June 5, 2003
Full Committee hearing scheduled for Thursday, June 5, at 2:30 p.m. in room 253 of the Russell Senate Office Building. Members will hear testimony relating to management problems concerning the Title XI loan guarantee program recently identified by the Department of Transportation Inspector General and the General Accounting Office, and the need for programmatic reforms. Senator McCain will preside. Witnesses will be announced at a later time.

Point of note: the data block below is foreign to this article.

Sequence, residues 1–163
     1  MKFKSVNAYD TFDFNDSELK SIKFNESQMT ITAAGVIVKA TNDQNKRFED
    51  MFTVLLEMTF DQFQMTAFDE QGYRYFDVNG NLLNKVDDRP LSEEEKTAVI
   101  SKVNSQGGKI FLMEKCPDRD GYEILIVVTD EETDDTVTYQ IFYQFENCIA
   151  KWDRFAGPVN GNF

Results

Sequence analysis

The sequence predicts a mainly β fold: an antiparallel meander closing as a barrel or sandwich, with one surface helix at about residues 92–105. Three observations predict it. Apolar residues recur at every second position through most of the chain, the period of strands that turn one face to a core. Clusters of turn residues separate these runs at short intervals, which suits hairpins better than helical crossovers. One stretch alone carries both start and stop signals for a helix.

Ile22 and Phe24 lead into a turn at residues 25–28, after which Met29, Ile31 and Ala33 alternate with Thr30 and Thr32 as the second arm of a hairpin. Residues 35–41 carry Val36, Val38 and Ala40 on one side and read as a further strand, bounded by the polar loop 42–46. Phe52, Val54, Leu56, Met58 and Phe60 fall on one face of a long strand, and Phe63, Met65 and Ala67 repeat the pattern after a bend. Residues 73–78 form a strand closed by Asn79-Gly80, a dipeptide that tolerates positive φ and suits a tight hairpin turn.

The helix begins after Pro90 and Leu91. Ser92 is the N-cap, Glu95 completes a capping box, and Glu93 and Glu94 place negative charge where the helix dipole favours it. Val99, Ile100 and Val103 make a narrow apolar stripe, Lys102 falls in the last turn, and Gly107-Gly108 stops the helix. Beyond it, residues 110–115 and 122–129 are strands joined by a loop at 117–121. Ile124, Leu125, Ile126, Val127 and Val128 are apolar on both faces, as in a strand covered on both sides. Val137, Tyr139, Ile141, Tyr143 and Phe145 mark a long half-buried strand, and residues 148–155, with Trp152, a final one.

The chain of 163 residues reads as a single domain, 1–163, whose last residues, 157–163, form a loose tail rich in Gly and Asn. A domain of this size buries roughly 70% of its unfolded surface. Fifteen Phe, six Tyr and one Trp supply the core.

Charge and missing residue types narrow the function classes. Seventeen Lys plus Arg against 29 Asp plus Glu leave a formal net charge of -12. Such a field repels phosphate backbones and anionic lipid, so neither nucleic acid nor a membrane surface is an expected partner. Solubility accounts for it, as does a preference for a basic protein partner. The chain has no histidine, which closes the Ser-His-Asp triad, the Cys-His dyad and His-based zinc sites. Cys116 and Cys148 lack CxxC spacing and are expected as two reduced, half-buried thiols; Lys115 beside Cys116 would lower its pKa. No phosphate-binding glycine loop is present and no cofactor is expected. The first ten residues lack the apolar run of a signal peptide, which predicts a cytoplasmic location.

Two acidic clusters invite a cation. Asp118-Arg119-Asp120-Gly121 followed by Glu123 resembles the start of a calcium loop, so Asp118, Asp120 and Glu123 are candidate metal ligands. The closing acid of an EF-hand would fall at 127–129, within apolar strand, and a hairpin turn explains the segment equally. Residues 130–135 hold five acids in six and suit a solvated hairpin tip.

Mr. Thomas J. McCool
Click here for a PDF version of Mr. McCool's remarks.
The Honorable William G. Schubert